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Tell Darrell Clarke how you feel about his parking proposal

City Council President Darrell Clarke wants to double the minimum parking requirements for new multifamily housing in his district. That could make a bigger problem than the one we already have: A dearth of available spots for residents.

Let Clarke and the other Councilmembers know what you think of the proposal.


How To Achieve Parking Peace

Want a simple solution to neighborhood parking angst? Let’s try a “Cap-and-Trade” parking permit system

How To Achieve Parking Peace

Want a simple solution to neighborhood parking angst? Let’s try a “Cap-and-Trade” parking permit system

Council President Darrell Clarke is a guy who brags about driving to the corner store, so it’s no surprise that his vision for the 5th Council District looks a lot more like the suburban sprawl of Phoenix or Atlanta than the rowhouse neighborhoods of Philadelphia.

That would be the predictable result from his new bill doubling minimum parking requirements for new multifamily housing.

This is a bad idea, as this 5-minute video from Vox illustrates:

Clarke’s proposed medicine is worse than the disease, but all this parking angst does stem from a real problem that local government is failing to address: the utter failure to manage curb parking in a sensible way.

At just $35 a permit per year, the Philadelphia Parking Authority’s permit parking program doesn’t even raise enough money to pay for itself, let alone discourage people from using the street for long-term car storage.

And most city blocks don’t currently use permit parking at all, as the city and PPA put the onus on residents to petition for permit parking on a block-by-block basis rather than opting in whole districts or neighborhoods.

As Gilles Duranton tells Jake Blumgart at PlanPhilly, increasing parking minimums has a certain logic behind it if we’re just ruling out dealing with the curb parking mismanagement, but managing curb parking is a much better approach.

Gilles Duranton, chair of the real estate department at the University of Pennsylvania’s Wharton School, agrees that free or incredibly cheap on-street parking is the crux of the problem. As long as the existing parking prices (or lack thereof) remain in place, parked cars can occupy highly valuable public land without paying for it. As neighborhoods fill again with Philadelphians who’d also like to use use that land for cheap or free, parking conflicts sharpen.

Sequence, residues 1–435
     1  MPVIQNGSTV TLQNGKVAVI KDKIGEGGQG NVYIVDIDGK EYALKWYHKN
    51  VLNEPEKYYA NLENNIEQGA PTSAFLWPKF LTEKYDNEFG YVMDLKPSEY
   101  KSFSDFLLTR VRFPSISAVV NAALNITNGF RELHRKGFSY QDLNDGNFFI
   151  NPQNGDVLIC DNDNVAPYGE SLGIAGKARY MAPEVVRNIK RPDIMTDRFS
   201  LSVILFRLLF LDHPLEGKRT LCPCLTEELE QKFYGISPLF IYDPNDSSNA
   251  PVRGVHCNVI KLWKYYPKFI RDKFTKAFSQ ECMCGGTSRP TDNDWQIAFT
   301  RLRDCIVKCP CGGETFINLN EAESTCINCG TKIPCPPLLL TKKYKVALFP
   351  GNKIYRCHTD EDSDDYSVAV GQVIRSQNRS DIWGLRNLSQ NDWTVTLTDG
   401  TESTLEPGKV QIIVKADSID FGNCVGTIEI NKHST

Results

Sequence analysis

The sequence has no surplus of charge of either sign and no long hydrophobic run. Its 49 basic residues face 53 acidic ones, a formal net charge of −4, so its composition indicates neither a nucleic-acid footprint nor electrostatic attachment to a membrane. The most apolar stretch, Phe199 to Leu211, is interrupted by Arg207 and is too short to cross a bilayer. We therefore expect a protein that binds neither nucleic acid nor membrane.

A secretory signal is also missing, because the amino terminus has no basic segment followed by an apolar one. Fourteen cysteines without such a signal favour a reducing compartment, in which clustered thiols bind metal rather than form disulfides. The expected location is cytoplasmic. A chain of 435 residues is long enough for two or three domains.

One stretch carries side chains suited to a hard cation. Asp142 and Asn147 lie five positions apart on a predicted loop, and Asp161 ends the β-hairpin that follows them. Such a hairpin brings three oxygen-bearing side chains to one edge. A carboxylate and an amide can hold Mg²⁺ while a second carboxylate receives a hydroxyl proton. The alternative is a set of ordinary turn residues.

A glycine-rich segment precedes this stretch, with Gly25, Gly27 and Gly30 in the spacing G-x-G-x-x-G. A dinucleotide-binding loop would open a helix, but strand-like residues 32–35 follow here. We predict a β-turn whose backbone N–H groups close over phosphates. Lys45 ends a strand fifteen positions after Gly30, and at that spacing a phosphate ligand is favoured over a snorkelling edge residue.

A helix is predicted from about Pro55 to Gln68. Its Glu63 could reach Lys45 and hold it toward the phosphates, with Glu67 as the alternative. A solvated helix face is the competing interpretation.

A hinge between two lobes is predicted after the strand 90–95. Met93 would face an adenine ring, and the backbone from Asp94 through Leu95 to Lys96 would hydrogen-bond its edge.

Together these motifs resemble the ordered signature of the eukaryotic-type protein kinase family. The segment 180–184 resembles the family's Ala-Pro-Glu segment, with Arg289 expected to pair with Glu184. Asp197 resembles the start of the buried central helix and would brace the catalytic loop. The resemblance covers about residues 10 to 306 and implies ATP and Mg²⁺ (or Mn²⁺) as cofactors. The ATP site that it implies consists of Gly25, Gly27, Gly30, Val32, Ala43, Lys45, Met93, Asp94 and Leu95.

“The root of the problem is that the city is massively subsidizing on-street parking,” said Duranton.

Just how large of a subsidy are we talking about? Market prices for off-street parking range from about $150-250 a month, which adds up to about $1,800-$3,000 a year. Council charges $35 a year, which rounds to about 9 cents a day per vehicle to park long-term on the public street.

This gets at why increasing parking minimums won’t work to reduce tight curb parking. The availability of more off-street parking per se doesn’t do anything to prevent newer residents from using the free on-street parking. As long as there’s no cost to park on the street, it’s always going to be everyone’s first choice no matter how much off-street parking is built.

The only workable political solution is to give long-time residents exactly what they say they want: free parking for themselves, and more expensive parking for new residents.

In both my current neighborhood in Fishtown, and my old neighborhood in Bella Vista, a surprising number of garage owners use their garages to store personal items and park on the street anyway. New buildings will often charge separately to use the on-site parking at a rate that’s higher than the free or cheap curb parking, nudging car owners toward the free curb parking. People who own indoor spaces might also choose to rent out those spaces to someone else and park their own car on the curb. To free up more curb parking, there’s no alternative to managing the curb parking.

But it’s also almost impossible to imagine a situation where Council would vote to bump parking permit prices from $35 up to $1,800 to $3,000 a year to make them competitive with private off-street options. In addition to the bad politics of a huge fee increase, it also runs afoul of the popular desire to treat long-time residents and new residents differently (despite the fact that the streets are publicly-owned land that belongs to everyone equally).